And May 9 was apparently also a good omen for Europeans. On the one hand, it marked VE Day, when in 1945 World War II officially ended in Europe. A military parade was orchestrated in Moscow, although Russia is still at war with Ukraine. On the other hand, May 9 is also Europe Day, celebrated throughout the European Union. On this day in 1950, a European Coal and Steel Community was proposed, which became the precursor to the EU. While France still holds the biannual rotating presidency of the EU, newly re-elected French President Emmanuel Macron delivered a speech to the European Parliament, permanently convened in the French border town of Strasbourg. There was, of course, the recently fashionable call for (mainly Western) solidarity with a Ukraine still at war with Russia. But Macron was also realistic about the process and prospect of Ukraine’s application for EU membership, which he said could take years to see a final outcome.
Perhaps in an attempt to sidestep the complicated and drawn-out EU membership process for Ukraine and some other candidate countries, Macron’s maverick has proposed a “European political community” that “would allow democratic nations… to find a new space for political cooperation, security, cooperation in the fields of energy, transport, investment, infrastructure, movement of people. And the cheeky Macron even hinted that the UK, which recently left the EU, might be interested in such a political community.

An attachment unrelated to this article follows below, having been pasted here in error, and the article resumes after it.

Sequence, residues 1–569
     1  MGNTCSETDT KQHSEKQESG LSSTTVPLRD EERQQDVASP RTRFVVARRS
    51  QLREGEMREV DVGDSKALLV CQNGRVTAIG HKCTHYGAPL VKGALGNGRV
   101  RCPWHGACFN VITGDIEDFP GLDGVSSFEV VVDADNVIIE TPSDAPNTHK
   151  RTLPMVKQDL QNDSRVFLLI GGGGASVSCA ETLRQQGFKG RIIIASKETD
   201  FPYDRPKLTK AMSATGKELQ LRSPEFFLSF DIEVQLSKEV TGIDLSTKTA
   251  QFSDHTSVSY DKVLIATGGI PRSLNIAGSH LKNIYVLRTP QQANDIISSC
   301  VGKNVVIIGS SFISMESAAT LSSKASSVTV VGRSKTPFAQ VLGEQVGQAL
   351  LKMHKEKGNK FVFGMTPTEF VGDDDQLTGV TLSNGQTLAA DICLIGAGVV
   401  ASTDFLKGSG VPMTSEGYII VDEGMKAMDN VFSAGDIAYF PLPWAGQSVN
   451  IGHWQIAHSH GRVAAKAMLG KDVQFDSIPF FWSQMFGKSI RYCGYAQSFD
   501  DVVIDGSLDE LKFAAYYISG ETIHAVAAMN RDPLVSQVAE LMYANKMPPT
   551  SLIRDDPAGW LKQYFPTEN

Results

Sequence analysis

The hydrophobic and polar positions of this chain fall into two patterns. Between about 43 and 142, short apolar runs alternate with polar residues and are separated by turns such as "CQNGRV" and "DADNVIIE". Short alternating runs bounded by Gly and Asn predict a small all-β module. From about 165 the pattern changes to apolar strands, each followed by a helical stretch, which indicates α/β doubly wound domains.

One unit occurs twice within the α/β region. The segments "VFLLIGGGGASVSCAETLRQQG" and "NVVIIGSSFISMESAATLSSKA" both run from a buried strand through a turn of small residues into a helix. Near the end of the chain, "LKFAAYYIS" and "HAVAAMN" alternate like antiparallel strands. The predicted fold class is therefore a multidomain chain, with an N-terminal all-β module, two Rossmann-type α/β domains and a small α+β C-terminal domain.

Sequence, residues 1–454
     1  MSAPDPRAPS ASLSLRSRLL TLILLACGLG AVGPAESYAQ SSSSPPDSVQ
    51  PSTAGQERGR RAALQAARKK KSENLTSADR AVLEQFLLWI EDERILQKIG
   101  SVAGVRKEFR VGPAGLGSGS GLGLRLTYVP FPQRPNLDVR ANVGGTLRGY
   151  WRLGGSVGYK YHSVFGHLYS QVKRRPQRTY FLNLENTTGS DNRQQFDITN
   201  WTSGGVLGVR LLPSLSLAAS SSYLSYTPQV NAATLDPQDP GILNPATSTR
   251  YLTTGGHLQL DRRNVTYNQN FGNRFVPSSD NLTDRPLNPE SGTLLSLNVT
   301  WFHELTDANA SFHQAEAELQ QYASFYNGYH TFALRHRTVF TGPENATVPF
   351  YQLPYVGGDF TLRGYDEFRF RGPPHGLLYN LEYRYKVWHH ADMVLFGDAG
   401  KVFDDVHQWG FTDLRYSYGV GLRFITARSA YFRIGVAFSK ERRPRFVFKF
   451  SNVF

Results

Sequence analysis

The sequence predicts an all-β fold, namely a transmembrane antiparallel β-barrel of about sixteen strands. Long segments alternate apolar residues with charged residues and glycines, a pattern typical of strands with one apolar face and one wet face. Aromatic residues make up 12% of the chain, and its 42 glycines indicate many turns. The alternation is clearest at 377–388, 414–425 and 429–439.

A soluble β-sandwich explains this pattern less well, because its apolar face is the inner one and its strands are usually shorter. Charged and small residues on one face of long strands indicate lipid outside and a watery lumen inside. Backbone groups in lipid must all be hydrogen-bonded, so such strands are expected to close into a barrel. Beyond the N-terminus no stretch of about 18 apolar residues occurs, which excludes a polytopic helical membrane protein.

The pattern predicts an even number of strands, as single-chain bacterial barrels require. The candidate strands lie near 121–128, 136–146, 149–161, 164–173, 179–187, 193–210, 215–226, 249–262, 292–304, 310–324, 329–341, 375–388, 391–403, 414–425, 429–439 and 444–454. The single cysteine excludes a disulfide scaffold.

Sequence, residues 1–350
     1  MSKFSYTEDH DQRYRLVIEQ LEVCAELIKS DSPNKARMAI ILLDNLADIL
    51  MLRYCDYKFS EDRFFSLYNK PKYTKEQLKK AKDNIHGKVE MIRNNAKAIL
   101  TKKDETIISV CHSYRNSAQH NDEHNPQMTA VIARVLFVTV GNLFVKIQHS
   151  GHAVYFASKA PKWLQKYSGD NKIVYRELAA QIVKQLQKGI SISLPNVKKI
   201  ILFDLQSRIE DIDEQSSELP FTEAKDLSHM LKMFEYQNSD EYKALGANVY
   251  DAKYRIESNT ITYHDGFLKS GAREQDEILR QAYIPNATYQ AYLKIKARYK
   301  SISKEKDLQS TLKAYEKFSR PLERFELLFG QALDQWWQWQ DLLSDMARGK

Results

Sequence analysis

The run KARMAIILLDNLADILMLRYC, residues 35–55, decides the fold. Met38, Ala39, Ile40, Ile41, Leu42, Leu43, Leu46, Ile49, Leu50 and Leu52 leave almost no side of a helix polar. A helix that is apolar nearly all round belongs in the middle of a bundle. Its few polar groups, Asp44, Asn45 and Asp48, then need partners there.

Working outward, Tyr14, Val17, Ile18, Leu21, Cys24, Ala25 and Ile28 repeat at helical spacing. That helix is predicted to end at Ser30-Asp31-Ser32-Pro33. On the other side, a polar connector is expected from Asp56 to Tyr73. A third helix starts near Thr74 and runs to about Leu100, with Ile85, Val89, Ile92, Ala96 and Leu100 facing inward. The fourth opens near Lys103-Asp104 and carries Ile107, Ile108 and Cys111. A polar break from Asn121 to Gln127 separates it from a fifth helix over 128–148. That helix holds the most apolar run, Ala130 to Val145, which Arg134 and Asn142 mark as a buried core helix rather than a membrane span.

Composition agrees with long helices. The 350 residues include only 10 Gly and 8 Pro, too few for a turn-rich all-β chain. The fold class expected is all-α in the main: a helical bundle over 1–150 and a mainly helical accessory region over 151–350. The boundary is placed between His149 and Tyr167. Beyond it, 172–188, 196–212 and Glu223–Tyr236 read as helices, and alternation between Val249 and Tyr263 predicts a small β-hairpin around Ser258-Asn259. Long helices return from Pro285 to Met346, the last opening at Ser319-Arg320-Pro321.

In my humble opinion, Macron’s latest proposal — after his equally bold proposal a few years ago for a European defense mechanism more detached from the United States — for a political community in Europe comes a little in the opposite direction. of the original proposal 72 a few years ago for pan-European cooperation in sectors such as the mundane but crucial steel and coal products, where European countries could find a lowest common denominator to prosper together while putting aside issues of national sovereignty. Candidate countries for EU membership may well be delighted with this somewhat “peripheral EU” grouping as proposed by Macron, and accept the list of sectors covered which he mentioned as an example. , in the hope that they would eventually be admitted in their own right. EU member states.
But probably not the UK. I could imagine that the United Kingdom, which suffered internally from Brexit for several years, would be somewhat receptive to “cooperation in the areas of energy, transport, investment and infrastructure”. But the majority of the population as well as at least the current British government would strongly oppose ever closer collaboration with their European counterparts in “political cooperation, security” and certainly “the movement of people”. In fact, these are the main concerns that have prompted British calls for Brexit. As such, a political community might well resonate on the European continent, but the UK is unlikely to be part of it, at least not in the form outlined in the Macron proposal.